- Insecure attachment subtype:
- anxious attachment
- avoidant attachment
- Anxious-Avoidant Attachment
- Disruptive/Disoriented Attachment
This is considered to be the healthiest type of attachment possible.
How is it formed?
Securely attached people had secure parents (or guardians). Whenever a child needed protection, a loved one was there to surround him with care, love and safety.
What does it look like?
As they mature, secure attachment people build relationships without fear of rejection or intimacy. They feel comfortable getting close to other people and trust that if their lover (or best friend) says they're not leaving, then they really aren't going anywhere.
People with this type of attachment will not "accidentally" read their partner's messages on social networks or force him/her to report their whereabouts.
A type also known as "anxious-ambivalent" or "anxious-resistant". People with this type of attachment are usually perceived as very needy for love and acceptance.
How is it formed?
Anxious attachment is thought to form when the parent has not met the needs of the child, has not responded to calls, or has been physically absent most of the time (due to work, divorce, depression, illness or death, etc. ).
What does it look like?
A person with anxious attachment is constantly afraid of being rejected or neglected. To suppress these fears, she or she becomes obsessive, seeking to be in contact 24/7, constantly checking the partner's social networks.
As a rule, such people tend to find themselves in super-codependent relationships with those who have a similar attachment style. But they can also be attracted to people with avoidant attachment, as their relationship dynamics can repeat the contact that was with their parents.
If you have ever met a person who has completely closed his feelings to others, then most likely you understand what avoidant attachment is.
How is it formed?
When a parent rejects a child's needs or considers them superfluous, eventually the child stops stating his needs altogether. Instead, they turn inward, switch off, and try to learn to be independent and independent.
What does it look like?
As an adult, the avoidant seeks isolation and independence. He often appears self-centered, selfish or cold, and regards feelings and emotions as something unimportant.
Relationships are not a priority for such people. They can avoid them altogether, without committing themselves, or move from one frivolous connection to another.
Anxious avoidant attachment
"Loves - does not love, spit - kiss, press to the heart - send to hell." Something like this childish saying can describe people with anxious-avoidant attachment.
How is it formed?
Anxious-avoidant attachment, as the name implies, is the “child of love” of avoidant and anxious attachments. It is less common than the "pure" types, and is more often formed due to traumatic relationships with parents. Sometimes the parent was very "intense" or aggressively present, sometimes not at all. Because of this, the child was trapped out of fear of close adults and the desire to receive love and comfort from them.
What does it look like?
People with anxious-avoidant attachment often find themselves in tumultuous relationships ranging from "everything is very good" to "everything is very bad." Relationships associated with abuse and violence are not uncommon (“press to the heart - send to hell”).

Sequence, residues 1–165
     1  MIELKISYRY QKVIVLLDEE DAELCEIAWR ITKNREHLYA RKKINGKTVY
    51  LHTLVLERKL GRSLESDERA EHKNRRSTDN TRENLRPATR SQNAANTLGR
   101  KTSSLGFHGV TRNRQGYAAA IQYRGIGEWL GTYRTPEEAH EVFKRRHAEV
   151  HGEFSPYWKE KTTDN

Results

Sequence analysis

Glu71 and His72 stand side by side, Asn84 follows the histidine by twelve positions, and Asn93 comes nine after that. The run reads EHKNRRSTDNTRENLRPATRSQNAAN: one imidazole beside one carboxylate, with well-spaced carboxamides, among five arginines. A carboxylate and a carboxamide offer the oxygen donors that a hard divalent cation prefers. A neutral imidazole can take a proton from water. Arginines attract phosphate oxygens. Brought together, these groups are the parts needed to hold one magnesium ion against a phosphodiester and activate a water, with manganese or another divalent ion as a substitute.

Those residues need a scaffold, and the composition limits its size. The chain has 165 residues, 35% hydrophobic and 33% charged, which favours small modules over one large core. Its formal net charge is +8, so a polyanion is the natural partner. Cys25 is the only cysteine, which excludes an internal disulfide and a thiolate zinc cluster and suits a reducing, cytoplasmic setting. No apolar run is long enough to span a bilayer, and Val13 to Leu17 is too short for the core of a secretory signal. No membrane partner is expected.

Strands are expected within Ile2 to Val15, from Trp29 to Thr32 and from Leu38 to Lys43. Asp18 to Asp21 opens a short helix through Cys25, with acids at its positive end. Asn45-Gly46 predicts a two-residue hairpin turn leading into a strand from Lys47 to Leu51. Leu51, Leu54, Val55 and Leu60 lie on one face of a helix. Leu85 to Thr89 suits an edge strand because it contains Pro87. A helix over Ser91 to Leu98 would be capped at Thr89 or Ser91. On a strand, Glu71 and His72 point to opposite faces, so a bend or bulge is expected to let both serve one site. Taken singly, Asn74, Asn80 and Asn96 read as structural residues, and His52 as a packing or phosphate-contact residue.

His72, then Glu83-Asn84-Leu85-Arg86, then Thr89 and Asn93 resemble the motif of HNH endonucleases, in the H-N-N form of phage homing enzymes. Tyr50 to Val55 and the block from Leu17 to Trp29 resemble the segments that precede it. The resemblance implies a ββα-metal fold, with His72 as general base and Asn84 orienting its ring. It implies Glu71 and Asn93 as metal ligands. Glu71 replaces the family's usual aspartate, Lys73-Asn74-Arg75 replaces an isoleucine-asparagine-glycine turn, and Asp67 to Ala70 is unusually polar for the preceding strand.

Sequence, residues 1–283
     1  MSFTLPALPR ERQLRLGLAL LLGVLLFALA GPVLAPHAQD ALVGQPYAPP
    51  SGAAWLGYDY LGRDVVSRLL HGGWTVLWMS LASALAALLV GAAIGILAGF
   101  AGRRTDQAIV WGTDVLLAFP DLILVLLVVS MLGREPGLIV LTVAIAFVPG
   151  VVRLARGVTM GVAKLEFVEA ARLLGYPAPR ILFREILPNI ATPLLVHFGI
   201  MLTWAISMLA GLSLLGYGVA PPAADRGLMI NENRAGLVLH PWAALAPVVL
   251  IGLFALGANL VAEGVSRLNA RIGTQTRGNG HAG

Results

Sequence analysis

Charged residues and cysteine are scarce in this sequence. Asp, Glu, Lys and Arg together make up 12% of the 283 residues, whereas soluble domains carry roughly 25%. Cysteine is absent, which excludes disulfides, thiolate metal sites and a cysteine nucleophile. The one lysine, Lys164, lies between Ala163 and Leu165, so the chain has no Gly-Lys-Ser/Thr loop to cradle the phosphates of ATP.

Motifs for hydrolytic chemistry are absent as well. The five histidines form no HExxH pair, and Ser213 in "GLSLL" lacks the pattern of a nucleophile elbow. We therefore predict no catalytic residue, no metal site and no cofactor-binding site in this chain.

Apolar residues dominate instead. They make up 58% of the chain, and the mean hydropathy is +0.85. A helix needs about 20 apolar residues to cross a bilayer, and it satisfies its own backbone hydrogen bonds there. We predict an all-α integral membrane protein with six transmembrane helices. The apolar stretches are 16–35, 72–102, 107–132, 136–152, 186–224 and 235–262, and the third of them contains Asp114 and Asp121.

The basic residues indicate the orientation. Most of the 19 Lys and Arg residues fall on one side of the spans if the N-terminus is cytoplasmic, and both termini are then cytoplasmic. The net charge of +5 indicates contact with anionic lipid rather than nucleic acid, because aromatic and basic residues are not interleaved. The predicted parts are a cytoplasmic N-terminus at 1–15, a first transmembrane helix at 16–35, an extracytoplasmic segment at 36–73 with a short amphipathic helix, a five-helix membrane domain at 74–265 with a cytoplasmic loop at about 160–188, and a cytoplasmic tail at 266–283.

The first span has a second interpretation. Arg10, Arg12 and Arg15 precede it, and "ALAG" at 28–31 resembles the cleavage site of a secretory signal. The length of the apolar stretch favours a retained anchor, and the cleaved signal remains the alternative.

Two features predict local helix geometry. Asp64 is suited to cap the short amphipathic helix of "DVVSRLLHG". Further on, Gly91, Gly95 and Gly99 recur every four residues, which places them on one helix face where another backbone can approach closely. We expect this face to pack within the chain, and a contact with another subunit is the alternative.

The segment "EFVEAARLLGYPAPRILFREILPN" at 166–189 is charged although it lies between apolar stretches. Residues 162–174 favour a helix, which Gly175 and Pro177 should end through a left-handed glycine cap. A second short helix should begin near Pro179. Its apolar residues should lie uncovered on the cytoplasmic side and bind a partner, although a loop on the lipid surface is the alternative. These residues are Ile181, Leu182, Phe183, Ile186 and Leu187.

It is also called disoriented or insecurely disorganized. People with this type of attachment are often unstable or unpredictable.
How is it formed?
People with disorganized attachment often experienced traumatic parental experiences as a child, such as emotional or physical abuse. As with anxious-avoidant attachment, the child is torn between fear of the parent and the need to be loved by him.
What does it look like?
People with disruptive attachment are both afraid of being too close and too far from their loved ones. These are the kings and queens of a self-fulfilling prophecy - they crave affection, but, fearing closeness, "hit first", creating drama from scratch and starting meaningless abuse ("he invented it - he was offended by himself").
Is there any critique of attachment theory?
As with most groundbreaking work, the scientific study that became the foundation of attachment theory was created on a sample of middle-class white heterosexual families. There is not enough data on how this theory works with children from families with different cultural traditions or specific experiences.
How do I know what type of attachment I have?
This is not so easy to do on your own, "from the inside", since an assessment of the history of family and romantic relationships is necessary. It is believed that the best way to find out your type of attachment is psychotherapy. The therapist helps to explore and analyze the nuances of life experience, deal with problems and develop the necessary skills.
Of course, there are online tests to determine the type of attachment, but they will not replace a specialist.
I have one of the insecure attachment types. What can be done about it?
Attachment of one kind or another is deeply rooted in our psyche, but it is not set in stone. Here's what you can do:
- Go to psychotherapy. The use of therapy can help in understanding the past, identifying patterns and developing important communication mechanisms.
- Develop relationships with people whose attachment was secure. This will help you learn about what a healthy type of attachment looks like.
- Communicate with your partner. Regular communication can help manage expectations, build trust in relationships, and maintain personal boundaries.